Using data collected on our own progress on key measures such as graduation rates, retention rates, student satisfaction, progress toward expanding out-of class opportunities for students, expanding opportunities to deepen their faith lives, to develop leadership skills, to record and assess their progress toward these goals in e-portfolios, the task force was able to conclude that we are making significant progress on those initiatives and strategies. And, in light of their charge, measures of our progress and our weak spots in delivering the kind of transformative education we say we want to deliver were analyzed for their cost as well as their effectiveness.

This group also looked at key external factors to assess Loyola's vulnerability to forces such as the shrinking market of traditional college students, government retrenchments from support for higher education, the stagnant economy, rising student debt, aging infrastructures—challenges faced by nearly all higher education institutions nationally. The Task Force was able to offer suggestions on how we might be better prepared to recruit and retain students in a diminishing market of 18 year olds, expand our outreach and attraction to adult students who seek to complete their education, gain more students with ability to pay our tuition, further internationalize our campuses, and finally, retain a healthy number of need-based and first-generation students—our historic mission and gift to our wider community.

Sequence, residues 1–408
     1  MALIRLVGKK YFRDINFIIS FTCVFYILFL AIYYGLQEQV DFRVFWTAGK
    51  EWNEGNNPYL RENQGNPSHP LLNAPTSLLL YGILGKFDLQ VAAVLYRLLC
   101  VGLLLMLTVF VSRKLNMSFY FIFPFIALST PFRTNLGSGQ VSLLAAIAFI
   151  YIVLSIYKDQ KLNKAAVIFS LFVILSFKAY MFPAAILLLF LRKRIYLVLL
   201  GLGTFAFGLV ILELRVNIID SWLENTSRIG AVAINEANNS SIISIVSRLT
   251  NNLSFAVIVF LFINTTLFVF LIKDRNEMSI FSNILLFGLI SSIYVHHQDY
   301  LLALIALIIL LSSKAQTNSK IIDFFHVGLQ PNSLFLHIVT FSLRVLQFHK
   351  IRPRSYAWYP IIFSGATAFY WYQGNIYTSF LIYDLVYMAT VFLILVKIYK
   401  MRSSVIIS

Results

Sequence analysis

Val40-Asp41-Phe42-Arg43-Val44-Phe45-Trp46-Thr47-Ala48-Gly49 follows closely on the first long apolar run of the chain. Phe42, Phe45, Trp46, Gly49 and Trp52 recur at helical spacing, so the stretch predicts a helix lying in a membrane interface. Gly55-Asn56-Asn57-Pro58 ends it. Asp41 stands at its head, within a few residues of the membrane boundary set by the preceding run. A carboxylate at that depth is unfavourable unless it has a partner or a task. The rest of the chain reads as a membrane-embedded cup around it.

In the months ahead, we will be publishing the Task Force's report, entitled "Positioning Loyola for the Future," which was recently vetted and, I should add, well-received by the Board of Trustees earlier this month. It contains some critical choices and suggested directions for us.

But, let me briefly say why I believe Loyola is well-positioned to offer a quality education and thus, to compete as an exceptional institution delivering a relevant education, one suited to preparing student to lead extraordinary lives, as we claim.

Fundamentally, all education is about preparing students for their own future, by a group of individuals who will only partially inhabit it, and who can see its parameters, only dimly. As we look at the world which our present students will inherit, inhabit and help create, we see them faced by challenges like those presented by rapidly expanding information technologies—giving them an abundance of information without coherence, analysis, and all too often, without accuracy. We can envision a furthering of environmental degradation and depletion of the planet's resources. We know that they will live in communities and participate in workplaces that are increasingly a mix of cultures, races, creeds, and values. Furthermore, these communities will experience political and social forces pushing them toward either authoritarian solutions—might makes right—on the one hand, or toward paralysis and inaction, due to social gridlocks and to a post-modern notion that all positions and ethical systems are of equal value, that is, a moral relativism.